Celtics Season Review

Celtics Season Review

by February 10, 2019 0 comments

It’s no secret that when compared with the preseason projections, this year’s Boston Celtics have failed to live up to expectations.

ESPN and TeamRankings both projected the C’s to be at least a 56.5 win team, but they have won just 35 of their first 56. With 25 games remaining in the regular season, they would have to win 22 games to match that projection.

Needless to say, it’s not happening barring a turnaround for the ages. The lackluster season started right from the beginning, going 10-10 in their first 20 outings.

There is plenty of blame to go around, with everyone from the coaching staff to the players admitting that they are partially to blame. This past week, Boston dropped back-to-back games where they at one point claimed at least a 20-point lead. The tension in the locker room has fluctuated, to say the least, but for obvious reasons, this caused said tension to rise once again.

Marcus Morris, in his second year since being dealt out of Detroit, was vocal about his issues with his team and where they stand after losing to the Clippers 123-112 Saturday night.

“I watch all these other teams around the league and guys are up on the bench, they’re jumping on the court, they’re doing all other stuff that looks like they’re enjoying their teammates’ success,” Morris said. “They’re enjoying everything and they’re playing together and they’re playing to win. And when I look at us, I just see a bunch of individuals.”

Furthermore, the back-and-forth between Kyrie Irving and the young core dominated headlines for the opening months. Irving spoke his mind following a substandard performance in Orlando where the Magic topped the Celtics 105-103

“The young guys don’t know what it takes to be a championship level team,” Irving said. “And if they think it’s hard now, what will they think when we’re trying to get to the finals?”

Shortly thereafter, 22-year-old Jaylen Brown chimed in, claiming that the whole team needed to be held accountable.

“It’s not one guy’s fault, it’s not young guy’s or old guy’s fault, it’s everybody,” Brown said.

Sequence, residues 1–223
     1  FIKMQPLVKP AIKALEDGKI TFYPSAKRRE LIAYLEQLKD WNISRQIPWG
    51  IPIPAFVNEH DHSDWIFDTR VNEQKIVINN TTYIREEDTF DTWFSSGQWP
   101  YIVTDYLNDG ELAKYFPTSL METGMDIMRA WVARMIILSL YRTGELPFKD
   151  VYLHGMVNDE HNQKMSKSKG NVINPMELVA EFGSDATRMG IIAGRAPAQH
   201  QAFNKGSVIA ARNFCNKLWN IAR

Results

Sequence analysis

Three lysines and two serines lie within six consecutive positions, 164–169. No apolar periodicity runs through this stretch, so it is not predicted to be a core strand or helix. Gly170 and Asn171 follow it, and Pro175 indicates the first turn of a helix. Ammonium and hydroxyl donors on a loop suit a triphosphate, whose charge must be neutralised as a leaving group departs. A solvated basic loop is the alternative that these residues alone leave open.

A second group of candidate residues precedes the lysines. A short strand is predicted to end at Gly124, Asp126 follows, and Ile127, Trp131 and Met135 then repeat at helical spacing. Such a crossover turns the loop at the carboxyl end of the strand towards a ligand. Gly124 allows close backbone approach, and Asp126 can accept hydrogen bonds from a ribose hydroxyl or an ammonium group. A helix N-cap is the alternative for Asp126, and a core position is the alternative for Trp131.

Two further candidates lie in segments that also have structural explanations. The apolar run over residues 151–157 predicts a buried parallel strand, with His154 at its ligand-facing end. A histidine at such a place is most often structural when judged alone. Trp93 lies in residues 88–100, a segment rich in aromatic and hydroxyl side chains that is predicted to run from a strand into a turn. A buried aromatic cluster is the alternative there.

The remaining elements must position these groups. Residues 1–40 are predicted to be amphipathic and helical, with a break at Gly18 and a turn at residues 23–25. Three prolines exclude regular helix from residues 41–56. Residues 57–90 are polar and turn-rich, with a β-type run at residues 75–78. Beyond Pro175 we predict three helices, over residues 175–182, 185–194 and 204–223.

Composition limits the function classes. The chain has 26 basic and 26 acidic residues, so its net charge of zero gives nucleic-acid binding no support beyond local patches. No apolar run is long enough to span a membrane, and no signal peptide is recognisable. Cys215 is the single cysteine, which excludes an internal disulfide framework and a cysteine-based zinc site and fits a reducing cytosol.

Despite all these negatives circulating one of the league’s contenders, there are plenty of statistics and strong performances that encourage optimism for future endeavors in Beantown.

For one, their defense has been near impenetrable night in and night out. Boston is the only team in the top five of the league for both steals (8.9) as well as blocks (5.8) per game (per NBA.com). Their defensive rating is good for fifth in the league, sitting at a stingy 105.5.

In addition to stats, the Celtics have also posted solid games against top-tier competition. They are a combined 5-2 this season against the Raptors, Bucks, and 76ers. The comforts of home have transferred from last year’s impressive postseason run to this year, where Boston has gone 22-8.

So all that said, why have the Celtics failed to truly find a consistent rhythm? It seems like every time there is a hint of evolving into what was expected, they reset all progress with a couple of truly pitiful losses.

Placing all the blame on one or two players is preposterous. Gordon Hayward has yet to blossom into the 30-million dollar forward, Terry Rozier has looked like an inkling of the “Scary Terry” that led his team to the Eastern Conference Finals under a calendar year ago, and Jaylen Brown had his role relegated to the bench.

All those reasons and more have caused the slow start that was impossible to foresee. One thing to keep in mind is that this basketball team is young. Boston is the twelfth youngest team in the league, and that is maybe the most promising thing about this group.

The talent is there, the coach is there, and the room to improve is there.

But like peanut butter and jelly, it just has to all come together in the right place at the right time.

 

 

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